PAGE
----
How American is Marine One?

Marine One is among the best known symbols of presidential power. A gleaming green and white helicopter frequently swoops onto the White House South Lawn these days to carry President Bush off on another election-year trip.

But it is also a symbol of the tension between domestic politics and international relations. As the Bush administration shops for a new generation of presidential helicopters, it is considering a manufacturer with ties to loyal friends abroad. That raises the question, how American should Marine One be?

After 30 years in the air, the 19 helicopters in the presidential fleet are old in aircraft terms. So the Navy is running a competition to select a company to develop the next Marine One. The contract is worth $1.6 billion.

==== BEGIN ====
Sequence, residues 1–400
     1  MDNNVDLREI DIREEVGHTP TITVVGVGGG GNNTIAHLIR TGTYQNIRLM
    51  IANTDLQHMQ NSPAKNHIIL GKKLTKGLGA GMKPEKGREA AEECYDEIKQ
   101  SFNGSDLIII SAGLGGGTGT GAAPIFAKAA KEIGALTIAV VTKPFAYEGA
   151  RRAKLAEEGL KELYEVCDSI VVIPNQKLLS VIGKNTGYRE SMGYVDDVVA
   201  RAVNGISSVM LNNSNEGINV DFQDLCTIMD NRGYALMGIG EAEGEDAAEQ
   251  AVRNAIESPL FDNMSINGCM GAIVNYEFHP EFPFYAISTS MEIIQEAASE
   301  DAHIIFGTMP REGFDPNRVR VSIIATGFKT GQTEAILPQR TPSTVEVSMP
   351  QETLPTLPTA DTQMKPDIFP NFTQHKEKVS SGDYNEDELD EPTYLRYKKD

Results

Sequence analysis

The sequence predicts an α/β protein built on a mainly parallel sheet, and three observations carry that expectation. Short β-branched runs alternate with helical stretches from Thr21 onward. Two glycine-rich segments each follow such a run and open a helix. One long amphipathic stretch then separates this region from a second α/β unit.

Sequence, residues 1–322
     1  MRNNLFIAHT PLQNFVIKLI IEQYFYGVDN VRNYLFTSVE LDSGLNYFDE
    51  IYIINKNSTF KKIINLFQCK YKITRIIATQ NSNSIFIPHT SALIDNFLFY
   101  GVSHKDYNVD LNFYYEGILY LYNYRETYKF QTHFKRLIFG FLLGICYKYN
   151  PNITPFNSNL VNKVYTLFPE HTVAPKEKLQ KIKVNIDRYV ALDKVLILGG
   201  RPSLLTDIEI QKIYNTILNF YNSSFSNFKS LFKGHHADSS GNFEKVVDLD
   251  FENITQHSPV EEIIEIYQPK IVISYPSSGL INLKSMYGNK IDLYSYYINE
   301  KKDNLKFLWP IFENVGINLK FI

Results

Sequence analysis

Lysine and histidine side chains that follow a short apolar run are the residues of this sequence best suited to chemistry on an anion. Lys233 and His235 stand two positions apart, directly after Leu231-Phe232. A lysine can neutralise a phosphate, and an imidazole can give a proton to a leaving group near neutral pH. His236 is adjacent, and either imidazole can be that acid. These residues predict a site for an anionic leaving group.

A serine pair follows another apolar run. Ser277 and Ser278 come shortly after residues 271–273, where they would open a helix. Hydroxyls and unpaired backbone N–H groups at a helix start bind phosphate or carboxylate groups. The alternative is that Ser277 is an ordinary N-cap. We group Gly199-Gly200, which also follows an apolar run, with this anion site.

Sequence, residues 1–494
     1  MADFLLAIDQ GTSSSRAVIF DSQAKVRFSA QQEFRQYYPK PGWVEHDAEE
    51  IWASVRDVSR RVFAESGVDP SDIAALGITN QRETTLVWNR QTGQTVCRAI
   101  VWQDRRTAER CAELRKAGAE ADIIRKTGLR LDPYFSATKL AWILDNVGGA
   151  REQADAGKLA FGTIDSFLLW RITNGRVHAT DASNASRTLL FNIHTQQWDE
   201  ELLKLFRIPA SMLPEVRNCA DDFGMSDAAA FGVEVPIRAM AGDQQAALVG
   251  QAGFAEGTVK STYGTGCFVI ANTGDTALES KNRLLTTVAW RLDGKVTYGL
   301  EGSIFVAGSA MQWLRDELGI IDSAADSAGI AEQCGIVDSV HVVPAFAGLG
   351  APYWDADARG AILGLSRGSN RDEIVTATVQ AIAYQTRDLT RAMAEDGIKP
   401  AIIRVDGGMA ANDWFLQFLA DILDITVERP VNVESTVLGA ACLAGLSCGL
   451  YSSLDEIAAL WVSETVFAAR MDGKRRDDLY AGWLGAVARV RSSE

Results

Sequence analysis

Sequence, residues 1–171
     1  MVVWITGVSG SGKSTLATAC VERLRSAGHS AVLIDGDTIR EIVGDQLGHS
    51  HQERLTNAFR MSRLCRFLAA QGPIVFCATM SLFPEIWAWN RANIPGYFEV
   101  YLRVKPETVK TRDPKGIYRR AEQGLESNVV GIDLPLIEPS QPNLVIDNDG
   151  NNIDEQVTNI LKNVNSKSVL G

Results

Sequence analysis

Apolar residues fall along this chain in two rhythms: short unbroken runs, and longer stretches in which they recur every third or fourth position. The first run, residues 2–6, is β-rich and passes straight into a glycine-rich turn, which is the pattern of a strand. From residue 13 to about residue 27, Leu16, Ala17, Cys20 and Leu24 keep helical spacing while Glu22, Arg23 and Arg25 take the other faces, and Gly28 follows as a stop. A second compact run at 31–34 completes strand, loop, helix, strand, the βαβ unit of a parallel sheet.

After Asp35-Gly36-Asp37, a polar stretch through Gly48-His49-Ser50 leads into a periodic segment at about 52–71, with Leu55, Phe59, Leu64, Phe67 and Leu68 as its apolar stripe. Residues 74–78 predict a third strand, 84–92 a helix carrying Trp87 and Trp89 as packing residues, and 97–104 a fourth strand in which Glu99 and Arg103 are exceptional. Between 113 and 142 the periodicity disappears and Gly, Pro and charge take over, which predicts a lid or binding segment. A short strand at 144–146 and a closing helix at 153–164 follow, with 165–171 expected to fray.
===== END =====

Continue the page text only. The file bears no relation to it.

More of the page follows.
Two firms are locked in a battle for the business. Struggling Sikorsky Aircraft Corporation, based in Connecticut, has built and maintained the presidential helicopter fleet since 1957. Its VH-92 entry will be "engineered, manufactured, and assembled in America," firm president Steve Finger says.

The other entry comes from a partnership between Lockheed Martin Corporation and AgustaWestland, the latter being a joint Italian and British venture. Lockheed says it would manufacture the helicopter in upstate New York, but the design comes from overseas. Not surprisingly, this version is strongly supported by Italian Prime Minister Silvio Berlusconi and British Prime Minister Tony Blair - two of President Bush's staunchest allies in the Iraq war.

The Navy has put off picking a winner until after the election. It would be surprising if Sikorsky's 100 percent American bid does not carry the day, leaving the US to find another way to reward its foreign friends.

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